I’ve said before that Author Salon is not easy or particularly fun. It still isn’t. But I’m committed. The concept of this site is brilliant: authors work together to pull together the most enticing polished profiles and synopses of their novels, so that editors and agents from major publishing houses and agencies have a blissful “shopping” experience. Novel idea, hey? But the only way it can work is if the manuscripts “crackle” off the page. There can’t be any cutting of corners; no clichés, no worn out tropes, NO TELLING, etc.
I’ve been at it since November, giving critical responses to various aspects of my peers’ work and receiving the same. The quality of the critiques is as varied as the work, so it’s sometimes been a challenge not to freak out when someone suggests that I give all sorts of background information in the first few pages. I did that already, and those pages are now either scattered through the story or a fine dust at the bottom of whatever they do to paper when you set it out in the green bin. Even so, the process has been invaluable. Gruelling, but invaluable. I’m so far behind in my critiques, because I’ve been wrestling with the first twenty pages for almost five months. How is it that every paragraph, every line of dialogue can be changed almost every time I read it? Mostly clipping, of course. How many freaking drafts of this novel before it’s deemed worthy?
I haven’t been writing blog posts, because when I’m not banging my head on the keyboard with the math of this first page, I’ve been writing memoir. I’ve been told to set memoir aside until I get this done. It’s not fun anymore, and writing the memoir is fun, so I’ve been turning to it whenever I bump against the hard bits in the novel. But I am setting it aside while I get this together. I would just like to know why it seems to get more and more difficult with each sweep through.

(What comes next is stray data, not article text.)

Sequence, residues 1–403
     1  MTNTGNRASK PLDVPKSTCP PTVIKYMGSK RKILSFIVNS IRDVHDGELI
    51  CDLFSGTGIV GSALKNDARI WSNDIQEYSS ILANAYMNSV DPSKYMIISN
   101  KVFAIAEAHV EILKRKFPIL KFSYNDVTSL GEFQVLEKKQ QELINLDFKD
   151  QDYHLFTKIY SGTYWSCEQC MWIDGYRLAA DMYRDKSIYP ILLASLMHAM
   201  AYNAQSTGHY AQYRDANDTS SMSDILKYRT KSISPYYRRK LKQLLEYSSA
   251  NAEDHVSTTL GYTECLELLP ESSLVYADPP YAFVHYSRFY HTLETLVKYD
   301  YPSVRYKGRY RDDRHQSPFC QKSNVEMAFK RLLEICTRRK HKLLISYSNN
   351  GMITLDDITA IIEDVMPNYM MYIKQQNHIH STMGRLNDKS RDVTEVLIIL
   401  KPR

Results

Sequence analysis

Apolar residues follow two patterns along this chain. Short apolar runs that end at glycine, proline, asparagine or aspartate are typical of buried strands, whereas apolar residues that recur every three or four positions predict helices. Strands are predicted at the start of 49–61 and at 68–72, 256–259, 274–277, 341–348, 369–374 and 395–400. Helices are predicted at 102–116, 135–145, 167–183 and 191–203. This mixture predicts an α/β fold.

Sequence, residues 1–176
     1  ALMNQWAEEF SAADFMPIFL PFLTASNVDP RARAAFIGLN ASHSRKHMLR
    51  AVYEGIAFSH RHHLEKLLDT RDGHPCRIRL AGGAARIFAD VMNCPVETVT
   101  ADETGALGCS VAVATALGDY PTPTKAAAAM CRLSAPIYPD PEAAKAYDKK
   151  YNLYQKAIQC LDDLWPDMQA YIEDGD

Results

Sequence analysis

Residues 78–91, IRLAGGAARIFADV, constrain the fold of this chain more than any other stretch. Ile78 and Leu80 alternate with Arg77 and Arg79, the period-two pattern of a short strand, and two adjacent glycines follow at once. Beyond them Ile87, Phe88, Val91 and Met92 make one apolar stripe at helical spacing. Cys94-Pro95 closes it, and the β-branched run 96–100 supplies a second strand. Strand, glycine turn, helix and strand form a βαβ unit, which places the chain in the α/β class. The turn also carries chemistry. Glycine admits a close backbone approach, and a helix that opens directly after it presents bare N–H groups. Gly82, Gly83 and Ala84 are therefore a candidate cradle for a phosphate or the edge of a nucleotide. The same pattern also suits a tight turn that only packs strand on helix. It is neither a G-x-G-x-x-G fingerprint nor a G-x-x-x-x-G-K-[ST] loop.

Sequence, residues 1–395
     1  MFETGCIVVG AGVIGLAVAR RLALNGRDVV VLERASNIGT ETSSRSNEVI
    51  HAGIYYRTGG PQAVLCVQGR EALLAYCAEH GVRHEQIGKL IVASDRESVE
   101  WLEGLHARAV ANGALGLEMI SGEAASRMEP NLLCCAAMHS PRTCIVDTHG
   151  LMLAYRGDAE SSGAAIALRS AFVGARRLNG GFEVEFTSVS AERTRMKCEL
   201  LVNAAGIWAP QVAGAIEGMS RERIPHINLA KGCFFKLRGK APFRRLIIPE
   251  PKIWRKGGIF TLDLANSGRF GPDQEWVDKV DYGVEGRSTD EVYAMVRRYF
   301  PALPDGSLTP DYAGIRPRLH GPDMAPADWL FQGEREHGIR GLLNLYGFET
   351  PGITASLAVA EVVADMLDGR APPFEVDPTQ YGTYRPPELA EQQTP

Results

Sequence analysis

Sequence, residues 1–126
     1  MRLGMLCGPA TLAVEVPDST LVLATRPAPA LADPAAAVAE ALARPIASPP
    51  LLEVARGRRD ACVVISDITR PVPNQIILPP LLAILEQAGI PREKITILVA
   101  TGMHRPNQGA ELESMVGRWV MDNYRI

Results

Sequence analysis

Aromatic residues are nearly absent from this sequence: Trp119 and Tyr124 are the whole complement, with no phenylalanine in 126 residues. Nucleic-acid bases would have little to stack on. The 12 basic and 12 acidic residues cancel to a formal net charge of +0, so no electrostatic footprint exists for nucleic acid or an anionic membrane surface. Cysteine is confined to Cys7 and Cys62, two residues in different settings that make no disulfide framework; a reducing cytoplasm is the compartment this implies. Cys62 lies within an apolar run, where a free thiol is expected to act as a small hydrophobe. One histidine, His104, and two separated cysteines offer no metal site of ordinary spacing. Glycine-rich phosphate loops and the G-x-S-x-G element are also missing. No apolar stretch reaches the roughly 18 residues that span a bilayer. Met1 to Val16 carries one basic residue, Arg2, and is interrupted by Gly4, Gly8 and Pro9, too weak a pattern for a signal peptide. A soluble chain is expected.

I’ll stop bitching for a moment to explain why I’m wringing this story dry. Because of Author Salon I’ve had a request from a major agency for the full manuscript. This is in addition to the request from Penguin, New York. In fact, many of the authors on the site have drawn the attention of editors and agents in the US and Canada. We’re cooking now, so we’re all rubbing our hands together and combing each word for tangles and snags.
Everything is blossoming for me – everything all at once. After winning the Whispered Words contest, I received a scholarship from the WCDR toward a residency at Banff next spring. And then came the request for The Cost of Weather. More fuel for the fire that’s already lit in the belly.
But now I’ve been sitting in front of the first ten pages for three days and it seems more messed up than it ever has. I keep asking that questions: does this sentence, this fact, this gesture, this SEMI COLON further the story or develop the character???? Should I start here in the middle of the attempted adoption scene, or should I set it up more? Maybe another beat, another gesture here. Oh, I’ll drop in a sliver of a flashback here and then I can take out that passage there. I used said five times on that page. Cut, paste, cut, copy, sigh, print, read, cross out, scribble, type, cut, paste, cut, redo…